Employees are feeling the heat at companies large and small due to the economic downturn and instability in response to the coronavirus. Layoffs, furloughs and paycuts have rippled through almost every industry and almost half of employable U.S. citizens are finding themselves without a job.
Some companies, like Verizon, took proactive measures to ensure their employees' job stability. According to CNN Business, on July 14, Verizon launched “Citizen Verizon,” a business plan that included a pledge to train almost 500,000 lower-wage workers by 2030 for jobs of the future.
So far during the pandemic, Verizon has continued to employ all 135,000 workers, and retrained almost 20,000 for future careers.
In an exclusive interview with CNN Business,CEO Hans Vestberg talked about the importance of corporate responsibility, especially during a global crisis, for his employees.
"Verizon, as a large corporation, needs to take actions and be responsible here," said Vestberg. "Large corporations have far bigger impacts than governments, sometimes. We feel that responsibility as a corporation."
On the opposite end of the spectrum, Airbnb is being ripped apart for a different move to support its hosts. This comes as a something of a surprise after a successful employee communications strategy earlier in the pandemic, when Airbnb had to announce company-wide layoffs.
Airbnb created a tool on its app that allows guests to send thoughtful messages called “kindness cards,” in addition to payments to their former hosts who may have been “impacted by COVID-19.” A spokesperson for Airbnb explained the donations to Business Insider.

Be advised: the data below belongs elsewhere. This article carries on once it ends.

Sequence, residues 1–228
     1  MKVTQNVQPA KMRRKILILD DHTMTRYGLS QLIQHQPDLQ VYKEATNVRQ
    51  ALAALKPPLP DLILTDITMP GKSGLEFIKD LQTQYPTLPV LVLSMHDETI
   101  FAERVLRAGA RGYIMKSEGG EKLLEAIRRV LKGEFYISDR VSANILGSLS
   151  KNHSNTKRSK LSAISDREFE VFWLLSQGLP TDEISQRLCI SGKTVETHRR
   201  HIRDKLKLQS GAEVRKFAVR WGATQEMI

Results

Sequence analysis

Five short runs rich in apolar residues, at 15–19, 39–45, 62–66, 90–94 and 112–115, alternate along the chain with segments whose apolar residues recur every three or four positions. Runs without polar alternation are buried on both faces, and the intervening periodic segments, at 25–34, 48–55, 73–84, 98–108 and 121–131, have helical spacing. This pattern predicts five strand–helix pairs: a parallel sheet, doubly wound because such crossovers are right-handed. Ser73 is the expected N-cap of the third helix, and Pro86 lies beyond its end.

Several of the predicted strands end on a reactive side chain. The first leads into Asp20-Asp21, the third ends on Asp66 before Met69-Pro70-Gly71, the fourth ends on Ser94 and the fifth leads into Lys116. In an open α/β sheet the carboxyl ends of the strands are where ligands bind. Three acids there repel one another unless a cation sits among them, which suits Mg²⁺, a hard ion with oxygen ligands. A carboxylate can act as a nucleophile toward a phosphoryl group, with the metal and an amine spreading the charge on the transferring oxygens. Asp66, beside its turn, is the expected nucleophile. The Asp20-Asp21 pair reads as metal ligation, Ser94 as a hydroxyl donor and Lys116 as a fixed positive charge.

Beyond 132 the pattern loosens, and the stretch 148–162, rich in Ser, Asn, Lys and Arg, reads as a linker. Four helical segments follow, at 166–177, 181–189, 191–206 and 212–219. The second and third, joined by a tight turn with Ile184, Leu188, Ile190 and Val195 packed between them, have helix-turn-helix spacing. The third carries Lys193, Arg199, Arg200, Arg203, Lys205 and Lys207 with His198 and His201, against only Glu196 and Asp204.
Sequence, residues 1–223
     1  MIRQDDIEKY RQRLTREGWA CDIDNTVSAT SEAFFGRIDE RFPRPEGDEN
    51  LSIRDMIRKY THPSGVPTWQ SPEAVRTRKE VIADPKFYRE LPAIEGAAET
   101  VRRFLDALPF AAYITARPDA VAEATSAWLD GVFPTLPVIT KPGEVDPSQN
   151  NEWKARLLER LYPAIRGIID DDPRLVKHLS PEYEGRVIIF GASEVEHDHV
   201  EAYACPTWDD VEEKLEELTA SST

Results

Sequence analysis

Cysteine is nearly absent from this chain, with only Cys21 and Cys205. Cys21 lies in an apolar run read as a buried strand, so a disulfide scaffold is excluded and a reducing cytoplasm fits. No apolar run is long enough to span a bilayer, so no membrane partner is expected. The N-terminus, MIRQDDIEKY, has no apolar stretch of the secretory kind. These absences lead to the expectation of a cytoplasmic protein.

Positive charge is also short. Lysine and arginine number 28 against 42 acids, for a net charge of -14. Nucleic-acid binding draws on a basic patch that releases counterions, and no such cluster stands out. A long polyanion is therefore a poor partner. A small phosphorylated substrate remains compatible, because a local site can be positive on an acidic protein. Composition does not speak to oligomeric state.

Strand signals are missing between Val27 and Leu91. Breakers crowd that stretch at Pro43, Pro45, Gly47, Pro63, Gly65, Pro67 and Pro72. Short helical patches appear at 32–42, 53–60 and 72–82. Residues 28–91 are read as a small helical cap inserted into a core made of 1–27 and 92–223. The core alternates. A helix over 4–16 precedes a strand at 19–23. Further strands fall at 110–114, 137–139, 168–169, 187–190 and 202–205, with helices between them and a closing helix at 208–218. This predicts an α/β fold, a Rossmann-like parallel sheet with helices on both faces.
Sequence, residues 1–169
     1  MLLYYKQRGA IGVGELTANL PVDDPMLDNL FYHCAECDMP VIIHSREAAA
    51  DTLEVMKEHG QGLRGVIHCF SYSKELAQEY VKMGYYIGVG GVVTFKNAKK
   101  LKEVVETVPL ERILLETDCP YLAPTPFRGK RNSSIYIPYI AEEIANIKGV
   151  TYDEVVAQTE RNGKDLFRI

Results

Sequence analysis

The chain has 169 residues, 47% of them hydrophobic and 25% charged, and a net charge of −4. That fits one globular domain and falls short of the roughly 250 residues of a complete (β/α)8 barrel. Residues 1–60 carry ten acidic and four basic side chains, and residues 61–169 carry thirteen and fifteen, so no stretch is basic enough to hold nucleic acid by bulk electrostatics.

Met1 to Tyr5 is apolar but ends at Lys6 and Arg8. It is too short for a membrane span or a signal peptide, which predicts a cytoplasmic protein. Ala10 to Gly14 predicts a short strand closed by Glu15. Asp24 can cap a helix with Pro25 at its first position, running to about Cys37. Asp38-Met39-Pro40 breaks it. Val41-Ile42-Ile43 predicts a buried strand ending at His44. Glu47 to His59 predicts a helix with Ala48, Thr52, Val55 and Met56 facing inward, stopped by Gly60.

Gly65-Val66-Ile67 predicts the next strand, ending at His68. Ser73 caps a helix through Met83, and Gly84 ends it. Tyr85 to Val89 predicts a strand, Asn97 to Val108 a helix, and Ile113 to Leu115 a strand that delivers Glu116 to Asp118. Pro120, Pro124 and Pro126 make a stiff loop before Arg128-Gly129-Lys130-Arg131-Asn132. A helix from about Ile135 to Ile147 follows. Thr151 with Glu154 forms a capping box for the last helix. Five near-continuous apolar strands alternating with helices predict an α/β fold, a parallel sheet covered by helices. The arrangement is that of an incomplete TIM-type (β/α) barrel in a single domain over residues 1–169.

"In the spirit of rekindling connections, we developed a new feature that allows guests to send virtual cards with messages of support and encouragement to hosts who provided excellent hospitality. If they wish, guests have the option to add a voluntary financial contribution," the spokesperson said.
While congenial in theory, Twitter saw an internet backlash toward Airbnb. Many megahosts own dozens of properties and utilize Airbnb as their main source of income. Overall, hosts have expressed displeasure at Airbnb for forcing cancellation policies at the beginning of the COVID-19 pandemic, which cost them large portions of their income.
— Kim Magi (@KMagi) July 13, 2020
As the virus continues to impact every business across the globe, there certainly are no right answers on how to tackle different companies’ economic issues. While Airbnb’s heart may have been in the right place, it also may have benefitted from some sort of internal plan instead of placing the burden on the consumer, much like Verizon’s training rollout. Putting employees first is key, and that responsibility lies with the employer.
Nicole Schuman is a reporter for PRNEWS. Follow her @buffalogal